In the rapidly changing healthcare landscape, payers are asking Podiatrists to shift from volume-based care fee for service to a value-based reimbursement structure fee for value with a population health approach. This evolution toward value-based reimbursement benefits the patient, the healthcare provider and the payer. Value-based reimbursement encourages healthcare providers to deliver the best care at the lowest cost. In turn, patients receive a higher quality of care at a better value.
Podiatrists are aware of the efforts underway to transition the United States healthcare fee-for-service payment system away from one based on volume to one that is determined by “value” and links costs to improved patient outcomes. The problem with the current system is that patients who stay in service the longest and have the most procedures and therapeutic interventions generate the greatest revenue regardless of whether outcomes are favorable.
For podiatrists who treat Medicare patients, value-based reimbursement is about to get real. The Centers for Medicare & Medicaid Services is gearing up for next year’s launch of its Merit-Based Incentive Payment System (MIPS), which will factor value, and not solely services performed, into the Medicare reimbursement a provider receives.
If that program is a success, other insurers will likely follow suit with pay-for-performance plans of their own.
Understand That Customer Service Is Essential
The patient experience is more than just clinical care. Podiatrist practices will need to change their approach to patient intake by having staff members take on more of a customer service role. This is especially important for recurring patients. Sit down with each patient and help them understand the financial details of their health care, from pre-admission through the entire care process. Increased interaction, patient education, and patient assistance through this hands-on approach dramatically improves the patient experience, and in turn, increases revenue for your practice
The good news is that these challenges are not that overwhelming, and podiatrist professionals have long managed as the market evolves and organizations find the right mix. Here, we’ve identified important key considerations to consider as they prepare for the ambiguous future ahead.
Making Data More Actionable & Meaningful
Today’s health care organizations are accumulating an overwhelming amount of data, including patient-reported information, social determinants of health, clinical and claims data. With all this information, it can be difficult for organizations to sort out what they do and don’t need – but data is only valuable if it results in informative and actionable results.
Bringing all of this data together to form a substantial record that has a 360-degree view of each individual can be keys to an organization’s success. This view enables organizations to understand the opportunities for care interventions to ensure quality measures are being met and can provide a deeper level of analytics into areas such as utilization.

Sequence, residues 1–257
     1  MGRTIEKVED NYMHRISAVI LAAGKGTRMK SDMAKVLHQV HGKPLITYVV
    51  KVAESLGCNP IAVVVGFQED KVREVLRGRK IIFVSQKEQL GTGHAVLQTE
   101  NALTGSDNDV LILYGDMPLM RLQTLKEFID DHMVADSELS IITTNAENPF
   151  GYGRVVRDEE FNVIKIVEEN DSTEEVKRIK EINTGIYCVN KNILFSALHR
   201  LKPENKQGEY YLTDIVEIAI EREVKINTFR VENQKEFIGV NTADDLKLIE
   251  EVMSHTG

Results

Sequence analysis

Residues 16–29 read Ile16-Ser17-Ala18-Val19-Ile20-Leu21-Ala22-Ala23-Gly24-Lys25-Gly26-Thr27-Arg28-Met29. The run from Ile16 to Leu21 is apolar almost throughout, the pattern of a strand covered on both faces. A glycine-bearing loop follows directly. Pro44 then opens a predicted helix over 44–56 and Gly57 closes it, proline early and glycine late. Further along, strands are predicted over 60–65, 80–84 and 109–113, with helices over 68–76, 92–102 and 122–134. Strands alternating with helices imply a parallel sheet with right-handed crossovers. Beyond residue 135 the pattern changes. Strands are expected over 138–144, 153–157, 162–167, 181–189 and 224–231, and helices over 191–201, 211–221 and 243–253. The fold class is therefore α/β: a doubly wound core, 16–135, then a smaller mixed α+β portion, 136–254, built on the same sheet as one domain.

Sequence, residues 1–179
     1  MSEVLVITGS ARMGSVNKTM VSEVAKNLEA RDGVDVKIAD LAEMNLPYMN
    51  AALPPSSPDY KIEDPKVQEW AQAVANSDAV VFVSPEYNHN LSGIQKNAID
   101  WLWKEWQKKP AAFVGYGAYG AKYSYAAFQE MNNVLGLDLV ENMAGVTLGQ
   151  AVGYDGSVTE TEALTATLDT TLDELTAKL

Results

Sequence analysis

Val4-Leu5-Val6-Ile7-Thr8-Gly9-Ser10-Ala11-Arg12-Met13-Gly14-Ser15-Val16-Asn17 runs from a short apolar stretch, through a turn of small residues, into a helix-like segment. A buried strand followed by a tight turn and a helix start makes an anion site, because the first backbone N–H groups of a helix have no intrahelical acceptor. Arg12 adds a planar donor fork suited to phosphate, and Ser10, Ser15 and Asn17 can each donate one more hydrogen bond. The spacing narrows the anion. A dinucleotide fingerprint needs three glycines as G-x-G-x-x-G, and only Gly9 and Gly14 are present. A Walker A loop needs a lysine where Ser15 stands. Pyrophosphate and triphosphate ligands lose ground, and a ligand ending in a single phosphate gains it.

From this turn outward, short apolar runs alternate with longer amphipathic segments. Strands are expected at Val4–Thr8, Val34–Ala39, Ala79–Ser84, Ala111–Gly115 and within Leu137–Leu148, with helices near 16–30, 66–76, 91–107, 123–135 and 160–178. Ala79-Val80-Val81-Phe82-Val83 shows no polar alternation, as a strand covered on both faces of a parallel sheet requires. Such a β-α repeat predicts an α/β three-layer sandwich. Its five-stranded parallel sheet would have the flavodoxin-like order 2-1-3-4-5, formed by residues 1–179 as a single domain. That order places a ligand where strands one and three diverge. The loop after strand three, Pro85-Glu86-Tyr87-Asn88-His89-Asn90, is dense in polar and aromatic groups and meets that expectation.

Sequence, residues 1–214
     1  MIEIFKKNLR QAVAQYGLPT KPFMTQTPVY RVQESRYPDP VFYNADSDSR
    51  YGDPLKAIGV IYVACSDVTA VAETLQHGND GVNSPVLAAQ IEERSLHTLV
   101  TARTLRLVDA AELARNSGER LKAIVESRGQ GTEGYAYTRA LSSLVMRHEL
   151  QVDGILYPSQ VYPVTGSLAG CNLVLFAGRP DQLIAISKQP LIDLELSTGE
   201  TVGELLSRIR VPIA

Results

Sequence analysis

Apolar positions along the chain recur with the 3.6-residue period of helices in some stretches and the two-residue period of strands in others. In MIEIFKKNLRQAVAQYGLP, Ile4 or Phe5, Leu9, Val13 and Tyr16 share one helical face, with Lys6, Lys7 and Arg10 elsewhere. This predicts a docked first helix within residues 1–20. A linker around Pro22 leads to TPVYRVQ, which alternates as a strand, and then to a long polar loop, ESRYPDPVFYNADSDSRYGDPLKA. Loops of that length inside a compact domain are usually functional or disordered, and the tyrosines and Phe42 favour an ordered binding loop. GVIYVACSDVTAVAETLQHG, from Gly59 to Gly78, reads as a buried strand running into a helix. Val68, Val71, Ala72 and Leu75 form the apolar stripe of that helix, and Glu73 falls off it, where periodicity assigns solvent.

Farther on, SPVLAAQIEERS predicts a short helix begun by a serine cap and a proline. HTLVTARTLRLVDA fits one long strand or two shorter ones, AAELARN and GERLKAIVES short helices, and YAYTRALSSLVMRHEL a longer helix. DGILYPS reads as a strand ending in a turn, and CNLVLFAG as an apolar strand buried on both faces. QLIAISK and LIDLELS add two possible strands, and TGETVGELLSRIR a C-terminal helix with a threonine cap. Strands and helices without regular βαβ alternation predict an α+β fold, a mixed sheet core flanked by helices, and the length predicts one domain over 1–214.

Standardizing the Care
In this complex ever-evolving health care industry, standardized care is a beacon among health plans, risk contracts, and shared savings programs. In a time where health systems and providers are balancing new regulations, health plan variations and individual people and population demands, adhering to a standardized level of care removes some of the complexities, while ensuring quality and safety are paramount. Processes and metrics to define standardized care help to ensure patients receive consistent, quality care, every time.
Managing Care & Engagement
Engaging with patients goes beyond helping them manage their conditions. Active participation and shared decision-making is vital, and it’s most effective when an individual’s goals are identified in conjunction with the appropriate tools to make it easy and convenient for them to achieve their desired outcomes. For podiatrists, engaging patients depends on the insights generated from actionable, measurable data.
Additionally, front-end revenue cycle processes are now more important than ever, meaning that collecting the correct patient data before service is critical to ensuring clean claims. In order to improve revenue, providers should emphasize eligibility authorization, collection of copayments, and collection of patient deductibles.
Value-based reimbursement helps in preparing for an evolving patient population with:
- Increased access to care, which can lead to more patients and less network leakage
- A more engaged patient population that is responsible for its own care. Patients in turn want more insight into their care and value for their dollar
- Increasing market share when patients have more choice in where they receive care
As healthcare delivery moves toward value-based reimbursement, the business model and the care model become increasingly intertwined. Changes made to care processes can have a significant impact on financial performance. Organizations need tools that help them identify their revenue cycle management, cost drivers and provide insight regarding how cost, quality, and care decisions impact the network as a whole.